Normal validation works for me only when my form has 1 text input field.

Yii’s normal validation features are awesome, but my situation is too complex and doesn’t fit at all with how Yii wants things set up (see my response to softArk ). For example, my forms can have over 350 text input boxes with no corresponding Model attributes. It’s correct for my application but it’s non-standard.

By the way, I tried your suggestion:


but I couldn’t make it work. I am sending $customer to the view but I don’t know how to get it back to the controller / validation method where I could then pass the errors to it? Should I use sessions to pass the $customer (model) from the view back to the controller?

Standalone validation is about create specif validator class for specific situations (MyOwnDataValidator(), and so on).


[size=“2”]When you pass $customer to your view, you should use $customer as your $model in your ActiveForm. So, when you submit your form, you get the data (not the model instance) back into controller and you have to intanciate your $customer (again) and load it with the new data ($customer->load($postData)) so that you can validate again, closing the ‘circuit’ (horrible pun!:).[/size]

[size="2"]When ActiveForm receives a model that has errors, it will show those errors automatically (and you have client side validation for core validator automatically). You probably should not make an action only to validate it.[/size]

    public function actionCreateMyNewEletrComponent()


        $model = new MyEletrComponent; [size=2] [/size][size=2]// or find, if updating[/size]

        if ($model->load(Yii::$app->request->post()) && $model->save()) { // or just $model->validate() to dont save

            // here model is valid (and saved)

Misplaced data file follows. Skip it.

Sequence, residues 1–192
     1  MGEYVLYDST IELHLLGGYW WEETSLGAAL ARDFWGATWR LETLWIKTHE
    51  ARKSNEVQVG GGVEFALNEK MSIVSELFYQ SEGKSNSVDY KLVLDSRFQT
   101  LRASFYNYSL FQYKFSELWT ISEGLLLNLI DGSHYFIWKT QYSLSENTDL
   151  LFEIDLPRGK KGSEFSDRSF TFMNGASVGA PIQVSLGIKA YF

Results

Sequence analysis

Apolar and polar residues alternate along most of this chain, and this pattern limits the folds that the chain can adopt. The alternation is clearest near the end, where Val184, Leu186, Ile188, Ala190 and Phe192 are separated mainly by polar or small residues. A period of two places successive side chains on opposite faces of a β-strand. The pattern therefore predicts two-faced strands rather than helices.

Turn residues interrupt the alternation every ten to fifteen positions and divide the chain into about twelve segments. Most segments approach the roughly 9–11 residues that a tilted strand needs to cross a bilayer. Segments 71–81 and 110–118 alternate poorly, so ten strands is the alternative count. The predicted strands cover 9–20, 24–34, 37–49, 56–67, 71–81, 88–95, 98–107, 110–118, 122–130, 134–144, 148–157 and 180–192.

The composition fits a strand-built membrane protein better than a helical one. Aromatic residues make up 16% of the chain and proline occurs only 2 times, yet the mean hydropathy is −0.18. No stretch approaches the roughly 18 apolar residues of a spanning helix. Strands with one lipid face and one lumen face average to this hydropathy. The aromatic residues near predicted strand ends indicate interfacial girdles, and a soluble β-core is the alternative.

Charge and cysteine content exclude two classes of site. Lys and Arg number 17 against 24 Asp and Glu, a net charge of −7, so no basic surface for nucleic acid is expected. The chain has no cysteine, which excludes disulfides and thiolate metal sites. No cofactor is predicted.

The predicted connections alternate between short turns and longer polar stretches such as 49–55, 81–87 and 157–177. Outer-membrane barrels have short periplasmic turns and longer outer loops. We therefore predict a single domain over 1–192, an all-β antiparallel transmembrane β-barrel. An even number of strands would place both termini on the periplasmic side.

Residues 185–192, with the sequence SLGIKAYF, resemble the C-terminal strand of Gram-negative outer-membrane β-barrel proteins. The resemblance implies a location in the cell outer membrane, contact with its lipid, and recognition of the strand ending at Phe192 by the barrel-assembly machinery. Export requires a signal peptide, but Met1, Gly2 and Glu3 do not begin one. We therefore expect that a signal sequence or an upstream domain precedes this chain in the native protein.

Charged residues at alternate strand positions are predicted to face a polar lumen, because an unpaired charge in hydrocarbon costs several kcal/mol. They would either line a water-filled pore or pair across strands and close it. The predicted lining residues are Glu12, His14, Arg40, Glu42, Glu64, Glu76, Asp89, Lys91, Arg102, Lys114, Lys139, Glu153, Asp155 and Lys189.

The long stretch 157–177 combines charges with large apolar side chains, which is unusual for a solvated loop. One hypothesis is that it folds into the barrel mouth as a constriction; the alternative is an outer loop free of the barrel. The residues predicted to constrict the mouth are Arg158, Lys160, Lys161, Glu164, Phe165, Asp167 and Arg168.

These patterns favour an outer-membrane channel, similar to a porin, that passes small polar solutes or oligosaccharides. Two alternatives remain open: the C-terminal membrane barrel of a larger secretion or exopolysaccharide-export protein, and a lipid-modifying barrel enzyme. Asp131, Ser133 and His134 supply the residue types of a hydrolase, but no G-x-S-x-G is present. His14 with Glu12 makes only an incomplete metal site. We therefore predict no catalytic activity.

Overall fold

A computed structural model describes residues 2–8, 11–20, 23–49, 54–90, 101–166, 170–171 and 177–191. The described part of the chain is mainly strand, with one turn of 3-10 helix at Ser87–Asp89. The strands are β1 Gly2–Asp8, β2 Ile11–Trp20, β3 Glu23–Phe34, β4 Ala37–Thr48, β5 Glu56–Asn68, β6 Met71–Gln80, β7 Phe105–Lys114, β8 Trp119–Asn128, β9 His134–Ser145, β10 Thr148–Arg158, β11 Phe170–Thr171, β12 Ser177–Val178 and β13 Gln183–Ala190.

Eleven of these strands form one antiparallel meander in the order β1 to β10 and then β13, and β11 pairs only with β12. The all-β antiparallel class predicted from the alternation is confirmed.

// you can redirect user to a new page or do another thing

        } else {

            return $this->render('a-view-file-for-this-action', [

                'model' => $model, //passes your model *again* to the view where you will be able to use it in your activeForm.



I was thinking about something like the following:

namespace app\components;

use yii\validators\Validator;

class DataValidator extends Validator


    public $tableName;

    public function validateAttribute($model, $attribute)


        // decode input values from JSON to an associative array

        $inputs = Json::decode($model->$attribute);

        // get the field definitions of the specified table

        $fieldDefs = SomeClass::getFieldDefinition($this->tableName);

        // check each input value

        foreach($fieldsDefs as $fd) {

            if ( ($v = ArrayHelper::getValue($inputs, $fd->name, 0)) === 0) {

                $this->addError($model, $attribute, "{$fd->name} must be set.");

            } else if ($v < $fd->min) {

                $this->addError($model, $attribute, "{$fd->name} must be equal or larger than {$fd->min}.");

            } else if ($v > $fd->max) {

                $this->addError($model, $attribute, "{$fd->name} must be equal or smaller than {$fd->max}.");





And in each model:

    public function rules()


        return [


            ['data', DataValidator::className(), 'tableName' => 'some_table'],




Though it may not good enough, I hope you get the concept.

Well, but some difficulty may lie in the view part. We will need some trick in displaying the validation error messages.